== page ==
MOSCOW — Under a cloudy, but temporarily dry sky, Hope Belschner, 19, took to a chilly outdoor stage with her Irish dance troupe Saturday at the Latah County Fair in Moscow.

The performance was among just a handful for her in a year where public gatherings have been limited by the COVID-19 pandemic, said Belschner, an instructor and choreographer for the group from Rince Na Gra School of Irish Dance in Moscow.

The Irish dancers were among hundreds of people at the Latah County Fair on Saturday, which featured 4-H exhibits, food vendors, commercial booths and carnival rides. It resumes today from 10 a.m. to 5 p.m.

Belschner was among those happy to be involved in face-to-face activities after the fair took a hiatus last year.

She said a give-and-take happens during a live show that’s impossible to replicate in other environments like practices, where they spend hours learning the intricate steps punctuated by high jumps that are the backbone of the style of dance.

For the dancers, Belschner said, it’s a chance to share a talent they view as a gift from God. In return, they receive appreciation from the crowd.

“A lot of our energy comes from the audience, whether it’s clapping or hooting and hollering,” said Kayla Erb, 17, who, like Belschner, is an instructor and choreographer for the school whose name means dance for love in Gaelic.

“We’ve had people join our studio because they saw us at the fair,” Erb said.

The joy that Belschner finds in Irish dance goes back more than a decade. She was 3 when her family learned from members of their church about a studio that offered lessons.

At the time, they were living in Germany, where her father was stationed with the U.S. Air Force.

“I really liked the fast-paced nature (of it),” Belschner said. “It was fun to find things that were feminine and beautiful, but allowed you to be strong.”

After her father retired from the military, the family moved to Moscow, which had a studio where she could continue.

Her mother, Sandy Belschner, later took over the studio, but the elder Belschner said her role is limited to the business end. Another daughter, Bekah Belschner, 16, is an instructor too.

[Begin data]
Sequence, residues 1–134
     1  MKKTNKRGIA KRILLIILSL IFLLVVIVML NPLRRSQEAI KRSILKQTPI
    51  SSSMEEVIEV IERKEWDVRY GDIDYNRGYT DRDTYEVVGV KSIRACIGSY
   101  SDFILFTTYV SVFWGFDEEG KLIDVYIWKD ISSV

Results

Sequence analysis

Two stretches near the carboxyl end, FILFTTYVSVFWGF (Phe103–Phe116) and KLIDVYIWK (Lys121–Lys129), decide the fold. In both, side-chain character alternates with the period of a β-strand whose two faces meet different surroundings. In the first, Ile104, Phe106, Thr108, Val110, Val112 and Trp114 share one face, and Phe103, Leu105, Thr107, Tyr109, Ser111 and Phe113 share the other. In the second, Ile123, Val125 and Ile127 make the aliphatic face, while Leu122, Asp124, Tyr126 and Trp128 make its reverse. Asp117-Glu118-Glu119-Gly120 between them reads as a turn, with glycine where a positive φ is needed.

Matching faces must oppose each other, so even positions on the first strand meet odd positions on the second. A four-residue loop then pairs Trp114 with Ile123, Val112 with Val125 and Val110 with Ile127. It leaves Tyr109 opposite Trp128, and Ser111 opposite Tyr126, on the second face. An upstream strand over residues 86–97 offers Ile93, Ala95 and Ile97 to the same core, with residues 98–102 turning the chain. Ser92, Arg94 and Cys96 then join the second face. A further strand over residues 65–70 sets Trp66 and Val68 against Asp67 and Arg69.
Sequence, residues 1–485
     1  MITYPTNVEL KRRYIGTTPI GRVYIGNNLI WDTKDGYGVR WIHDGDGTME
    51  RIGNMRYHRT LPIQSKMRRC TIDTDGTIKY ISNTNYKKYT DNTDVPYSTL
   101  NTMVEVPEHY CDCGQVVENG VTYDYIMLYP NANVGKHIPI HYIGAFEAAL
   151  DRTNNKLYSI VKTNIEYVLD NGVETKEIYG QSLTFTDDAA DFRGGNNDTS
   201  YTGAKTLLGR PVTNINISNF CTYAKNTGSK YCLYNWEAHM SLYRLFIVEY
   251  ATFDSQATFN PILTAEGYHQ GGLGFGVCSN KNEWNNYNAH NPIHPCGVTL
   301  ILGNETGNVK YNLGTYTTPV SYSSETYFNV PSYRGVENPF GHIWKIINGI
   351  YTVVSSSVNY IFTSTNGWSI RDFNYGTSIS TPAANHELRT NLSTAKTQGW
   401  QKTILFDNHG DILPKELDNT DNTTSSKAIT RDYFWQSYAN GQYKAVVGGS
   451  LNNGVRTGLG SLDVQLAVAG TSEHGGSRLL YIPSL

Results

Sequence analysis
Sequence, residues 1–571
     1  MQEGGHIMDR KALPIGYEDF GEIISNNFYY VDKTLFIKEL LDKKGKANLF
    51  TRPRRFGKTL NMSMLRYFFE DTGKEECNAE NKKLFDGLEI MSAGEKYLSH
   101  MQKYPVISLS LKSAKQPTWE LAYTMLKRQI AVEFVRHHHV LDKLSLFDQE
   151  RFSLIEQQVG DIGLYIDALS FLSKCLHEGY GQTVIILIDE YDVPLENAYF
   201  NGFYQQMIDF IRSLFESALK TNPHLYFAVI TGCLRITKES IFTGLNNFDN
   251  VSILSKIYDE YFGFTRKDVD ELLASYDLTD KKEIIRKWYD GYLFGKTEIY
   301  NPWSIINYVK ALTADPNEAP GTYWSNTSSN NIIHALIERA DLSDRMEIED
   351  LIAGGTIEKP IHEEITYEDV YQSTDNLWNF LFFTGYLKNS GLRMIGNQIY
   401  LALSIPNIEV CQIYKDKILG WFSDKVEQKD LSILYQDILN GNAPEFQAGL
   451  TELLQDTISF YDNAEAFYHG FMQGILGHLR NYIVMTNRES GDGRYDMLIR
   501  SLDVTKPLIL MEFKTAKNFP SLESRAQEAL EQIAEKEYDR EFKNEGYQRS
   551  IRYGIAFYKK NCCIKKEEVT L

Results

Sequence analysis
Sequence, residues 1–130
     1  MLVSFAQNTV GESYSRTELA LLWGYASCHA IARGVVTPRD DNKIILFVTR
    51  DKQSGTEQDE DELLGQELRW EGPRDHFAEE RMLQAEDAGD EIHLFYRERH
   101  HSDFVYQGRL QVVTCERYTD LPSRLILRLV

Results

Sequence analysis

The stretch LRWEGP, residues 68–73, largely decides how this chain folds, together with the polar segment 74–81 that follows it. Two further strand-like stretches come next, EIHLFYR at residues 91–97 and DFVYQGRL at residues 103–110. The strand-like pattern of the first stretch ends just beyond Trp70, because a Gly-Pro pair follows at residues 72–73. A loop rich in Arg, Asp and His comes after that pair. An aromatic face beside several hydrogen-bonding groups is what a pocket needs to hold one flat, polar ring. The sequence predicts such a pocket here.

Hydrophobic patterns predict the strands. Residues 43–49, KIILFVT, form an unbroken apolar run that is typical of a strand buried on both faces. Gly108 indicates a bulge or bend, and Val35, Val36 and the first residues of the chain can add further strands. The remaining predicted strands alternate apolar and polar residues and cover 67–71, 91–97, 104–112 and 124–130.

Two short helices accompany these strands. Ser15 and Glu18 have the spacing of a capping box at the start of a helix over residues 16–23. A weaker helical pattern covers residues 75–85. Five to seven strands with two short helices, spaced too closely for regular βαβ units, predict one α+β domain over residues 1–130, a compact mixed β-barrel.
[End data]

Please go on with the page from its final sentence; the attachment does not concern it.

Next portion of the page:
“I just facilitate their great talent,” Sandy Belschner said. “It’s ridiculous how proud I am of them.”

The Belschners weren’t the only ones appreciating that the fair was back.

University of Idaho student Erin Geslani sat at a table eating Dirty Fries sold by Country Snack Shack.

The dish features a brick of seasoned curly French Fries the size of a small loaf of bread and pulled pork in Country Snack Shack’s own barbecue sauce.

“(They’re) very good,” Geslani said, “very salty, cheesy and sweet at the same time. ... It’s a once a year treat.”

She said she had them two years ago and was disappointed to miss them in 2020.

The resumption of the Latah County Fair was also a welcome turn of events for Bob Regalia, the owner of Country Snack Shack, which is based in Sandpoint and will be at the Nez Perce County Fair this week.

Last year, business practically vanished at the beginning of the pandemic, he said.

Large-scale events were canceled as well as the numerous smaller private parties that Country Snack Shack caters, Regalia said.

He built barbecues and sold equipment to get by and now is taking multiple precautions for the safety of his employees and the hundreds of customers they serve each week.

Most of his employees, for example, are vaccinated, and he requires those who aren’t to wear facemasks, but generally everyone wears facemasks regardless of their vaccination status, Regalia said.

Anyone diagnosed with COVID-19 isn’t allowed to return to work until they’ve had a negative test, and he’s switched to packaged condiments instead of the bulk variety in pump bottles even though it’s significantly more expensive, he said.

Even though it can be difficult keeping up with the ever-changing protocols around COVID-19, business is going well, Regalia said.

“We love it,” he said. “It’s nice to be back out.”

Not far from the food court, dozens of people were taking a spin on carnival rides. Miley Larson, 13, of Moscow, raced from one ride to another with a group of friends, who frequently paused to take pictures.

“It’s the best part when you get to hear your friends scream like little children,” Miley said.

Williams may be contacted at ewilliam@lmtribune.com or (208) 848-2261.

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